PCSO tracks down Jack the Ripper for new book

PCSO tracks down Jack the Ripper for new book

Francis Batt

PCSO tracks down Jack the Ripper for new book
David and his fellow Windsor PCSOs

A man whose job sees him regularly tackling anti-social behaviour in Windsor has spent 15 years tracking the notorious Jack the Ripper for a new book.

Police Community Support Officer David Bullock has been part of Windsor's police support team for four-and-a-half years.

But in his spare time he has been engrossed in the horrors of Whitechapel in the 1890s.

David, 36, became fascinated after seeing a television show about Jack the Ripper. But it was reading a book about a man suspected of being the killer  that stirred his imagination.

He began following in the footsteps of two Sun journalists from the 1890s who were convinced a man called Thomas Cutbush was the notorious killer. They even interviewed him at Broadmoor.

David said: "I applied to Broadmoor in 2005 to see his files. There are a lot of processes to go through and it took three years to get access.

"They offered a fascinating insight into Cutbush's mental state, his aggression, his tendency to attack other prisoners - even the warden's notes about the things he said when he was on his own.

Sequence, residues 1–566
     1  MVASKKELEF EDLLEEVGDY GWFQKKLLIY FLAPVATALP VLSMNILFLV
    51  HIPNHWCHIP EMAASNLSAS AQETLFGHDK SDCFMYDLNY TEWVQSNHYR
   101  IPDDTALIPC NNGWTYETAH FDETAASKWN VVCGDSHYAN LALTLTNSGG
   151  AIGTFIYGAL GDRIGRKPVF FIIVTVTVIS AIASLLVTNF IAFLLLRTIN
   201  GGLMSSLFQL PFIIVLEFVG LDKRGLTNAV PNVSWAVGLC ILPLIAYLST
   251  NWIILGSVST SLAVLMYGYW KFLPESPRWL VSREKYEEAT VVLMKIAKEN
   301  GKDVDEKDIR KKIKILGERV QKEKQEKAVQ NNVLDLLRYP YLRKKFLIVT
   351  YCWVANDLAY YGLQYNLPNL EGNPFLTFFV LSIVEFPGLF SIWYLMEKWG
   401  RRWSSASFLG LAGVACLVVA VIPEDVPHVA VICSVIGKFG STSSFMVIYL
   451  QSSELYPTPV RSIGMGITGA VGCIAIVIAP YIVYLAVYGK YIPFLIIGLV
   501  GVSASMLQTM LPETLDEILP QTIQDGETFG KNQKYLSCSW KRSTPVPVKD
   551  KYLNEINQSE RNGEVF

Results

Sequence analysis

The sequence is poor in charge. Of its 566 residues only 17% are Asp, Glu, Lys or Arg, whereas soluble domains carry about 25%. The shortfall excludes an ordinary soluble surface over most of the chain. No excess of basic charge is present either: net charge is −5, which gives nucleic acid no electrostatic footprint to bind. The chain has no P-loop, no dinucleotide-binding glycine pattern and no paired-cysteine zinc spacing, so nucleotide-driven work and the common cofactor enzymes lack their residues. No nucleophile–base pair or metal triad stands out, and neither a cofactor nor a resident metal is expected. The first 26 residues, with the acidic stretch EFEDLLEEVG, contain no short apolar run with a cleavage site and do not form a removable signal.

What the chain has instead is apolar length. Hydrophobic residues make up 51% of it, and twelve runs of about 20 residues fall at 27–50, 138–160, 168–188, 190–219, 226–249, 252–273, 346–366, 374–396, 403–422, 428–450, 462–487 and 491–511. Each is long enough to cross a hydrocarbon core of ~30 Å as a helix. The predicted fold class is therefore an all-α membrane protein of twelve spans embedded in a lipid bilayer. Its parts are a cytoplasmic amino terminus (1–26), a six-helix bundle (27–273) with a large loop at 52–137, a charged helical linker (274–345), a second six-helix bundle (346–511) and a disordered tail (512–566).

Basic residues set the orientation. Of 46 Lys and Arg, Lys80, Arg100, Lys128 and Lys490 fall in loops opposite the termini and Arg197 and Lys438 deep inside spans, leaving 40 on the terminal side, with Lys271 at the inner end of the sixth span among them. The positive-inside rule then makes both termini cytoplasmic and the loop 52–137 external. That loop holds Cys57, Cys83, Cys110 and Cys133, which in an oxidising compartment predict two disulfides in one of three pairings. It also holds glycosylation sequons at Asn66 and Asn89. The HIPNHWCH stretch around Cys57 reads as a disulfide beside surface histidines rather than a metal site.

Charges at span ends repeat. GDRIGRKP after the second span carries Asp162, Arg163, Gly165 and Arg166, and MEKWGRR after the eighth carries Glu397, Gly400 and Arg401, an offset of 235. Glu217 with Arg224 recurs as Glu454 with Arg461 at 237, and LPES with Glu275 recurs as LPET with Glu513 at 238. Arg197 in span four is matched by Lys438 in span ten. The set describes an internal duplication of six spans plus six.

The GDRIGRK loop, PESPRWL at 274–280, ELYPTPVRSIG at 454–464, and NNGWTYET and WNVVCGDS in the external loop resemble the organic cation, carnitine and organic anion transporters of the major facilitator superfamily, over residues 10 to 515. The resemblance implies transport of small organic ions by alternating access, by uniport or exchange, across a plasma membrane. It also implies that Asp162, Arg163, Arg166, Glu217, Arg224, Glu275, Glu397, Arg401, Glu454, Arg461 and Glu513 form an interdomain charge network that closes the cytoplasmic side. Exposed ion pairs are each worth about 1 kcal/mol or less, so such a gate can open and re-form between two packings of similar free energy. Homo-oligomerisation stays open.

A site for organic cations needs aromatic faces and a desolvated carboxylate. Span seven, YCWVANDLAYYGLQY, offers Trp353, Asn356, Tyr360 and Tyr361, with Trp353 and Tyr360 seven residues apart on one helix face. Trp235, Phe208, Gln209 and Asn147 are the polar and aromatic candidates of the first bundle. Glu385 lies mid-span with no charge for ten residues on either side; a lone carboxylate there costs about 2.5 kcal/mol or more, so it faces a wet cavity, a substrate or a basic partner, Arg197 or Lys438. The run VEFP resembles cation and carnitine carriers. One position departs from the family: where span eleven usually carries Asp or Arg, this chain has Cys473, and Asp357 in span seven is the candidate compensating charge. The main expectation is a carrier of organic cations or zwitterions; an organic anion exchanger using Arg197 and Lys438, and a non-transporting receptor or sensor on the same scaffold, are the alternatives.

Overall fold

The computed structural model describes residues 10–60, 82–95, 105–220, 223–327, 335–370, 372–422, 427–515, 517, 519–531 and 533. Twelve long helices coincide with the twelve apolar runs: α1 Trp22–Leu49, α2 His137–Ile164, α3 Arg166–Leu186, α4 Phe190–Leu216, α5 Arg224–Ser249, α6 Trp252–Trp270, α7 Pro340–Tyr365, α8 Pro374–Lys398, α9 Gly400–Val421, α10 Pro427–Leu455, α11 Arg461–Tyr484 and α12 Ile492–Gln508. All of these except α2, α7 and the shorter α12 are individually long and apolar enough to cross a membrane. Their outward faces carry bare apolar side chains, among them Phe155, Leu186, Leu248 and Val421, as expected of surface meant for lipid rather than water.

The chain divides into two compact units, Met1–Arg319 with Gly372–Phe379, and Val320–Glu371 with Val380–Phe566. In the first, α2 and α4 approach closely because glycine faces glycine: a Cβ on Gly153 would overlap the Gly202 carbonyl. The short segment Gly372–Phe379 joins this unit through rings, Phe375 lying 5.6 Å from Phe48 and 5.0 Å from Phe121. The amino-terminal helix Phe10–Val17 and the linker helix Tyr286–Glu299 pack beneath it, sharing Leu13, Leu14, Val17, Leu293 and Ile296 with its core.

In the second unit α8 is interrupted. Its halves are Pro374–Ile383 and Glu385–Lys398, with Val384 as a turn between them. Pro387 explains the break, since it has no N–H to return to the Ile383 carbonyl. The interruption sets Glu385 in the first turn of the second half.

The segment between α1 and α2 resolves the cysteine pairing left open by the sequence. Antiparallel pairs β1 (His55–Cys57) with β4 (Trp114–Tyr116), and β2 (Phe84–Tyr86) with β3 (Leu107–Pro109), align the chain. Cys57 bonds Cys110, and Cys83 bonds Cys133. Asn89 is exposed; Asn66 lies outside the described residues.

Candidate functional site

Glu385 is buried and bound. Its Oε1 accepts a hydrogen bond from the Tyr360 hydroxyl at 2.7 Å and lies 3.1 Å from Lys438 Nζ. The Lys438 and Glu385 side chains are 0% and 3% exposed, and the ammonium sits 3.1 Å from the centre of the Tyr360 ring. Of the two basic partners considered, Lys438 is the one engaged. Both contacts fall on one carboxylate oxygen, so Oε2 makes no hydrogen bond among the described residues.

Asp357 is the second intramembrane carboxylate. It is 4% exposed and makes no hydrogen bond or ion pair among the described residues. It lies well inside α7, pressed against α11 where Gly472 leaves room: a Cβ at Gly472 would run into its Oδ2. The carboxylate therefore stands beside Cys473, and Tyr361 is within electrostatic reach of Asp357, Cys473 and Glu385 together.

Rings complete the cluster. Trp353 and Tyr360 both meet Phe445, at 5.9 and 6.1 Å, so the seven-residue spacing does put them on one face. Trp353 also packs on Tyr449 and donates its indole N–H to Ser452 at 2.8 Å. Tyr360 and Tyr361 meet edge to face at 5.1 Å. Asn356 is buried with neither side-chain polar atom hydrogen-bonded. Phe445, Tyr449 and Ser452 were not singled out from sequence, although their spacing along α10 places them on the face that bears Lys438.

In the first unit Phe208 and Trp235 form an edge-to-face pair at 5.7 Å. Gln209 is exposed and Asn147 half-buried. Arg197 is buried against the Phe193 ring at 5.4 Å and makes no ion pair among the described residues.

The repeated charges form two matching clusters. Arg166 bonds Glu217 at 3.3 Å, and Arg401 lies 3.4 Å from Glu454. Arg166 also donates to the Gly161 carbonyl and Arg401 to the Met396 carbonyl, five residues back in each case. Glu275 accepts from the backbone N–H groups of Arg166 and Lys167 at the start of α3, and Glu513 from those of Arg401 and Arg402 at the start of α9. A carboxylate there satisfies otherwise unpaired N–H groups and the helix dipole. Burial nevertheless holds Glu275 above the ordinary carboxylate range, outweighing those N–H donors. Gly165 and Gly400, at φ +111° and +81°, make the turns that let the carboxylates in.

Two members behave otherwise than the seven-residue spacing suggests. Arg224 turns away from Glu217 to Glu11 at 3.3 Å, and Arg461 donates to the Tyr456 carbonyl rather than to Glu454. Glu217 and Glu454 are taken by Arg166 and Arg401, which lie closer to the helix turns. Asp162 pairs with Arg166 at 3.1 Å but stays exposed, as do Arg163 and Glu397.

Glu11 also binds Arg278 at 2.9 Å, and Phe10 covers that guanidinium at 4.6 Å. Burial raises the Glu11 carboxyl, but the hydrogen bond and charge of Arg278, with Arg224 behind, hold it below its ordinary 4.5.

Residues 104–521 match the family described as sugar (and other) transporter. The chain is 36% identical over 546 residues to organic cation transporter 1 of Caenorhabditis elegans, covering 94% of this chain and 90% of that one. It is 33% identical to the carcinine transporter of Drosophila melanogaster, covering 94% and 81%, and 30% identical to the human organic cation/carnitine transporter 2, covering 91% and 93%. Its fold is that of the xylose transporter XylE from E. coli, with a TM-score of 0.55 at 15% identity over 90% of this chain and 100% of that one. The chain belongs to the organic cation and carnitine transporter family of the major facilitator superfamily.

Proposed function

"I did not find a 'smoking gun' but as I looked at the details a clear patterm emerged. Time and again a person fitting Cutbush's description had been seen with victims."

Although 'The Man Who Would Be Jack' is David's first book, he has always enjoyed writing and was a finalist in a short story competition run by Waterstone's in 2008.

He acted for 10 years on television, in independent films and at Northampton's Royal Theatre before becoming part of the Windsor centre police team four years ago.

He is closely involved with Windsor's homeless, supporting the shelter at Windsor Baptist Church in Victoria Street, which has helped several people find homes.

David is married to Becky and has a son Samuel, four.

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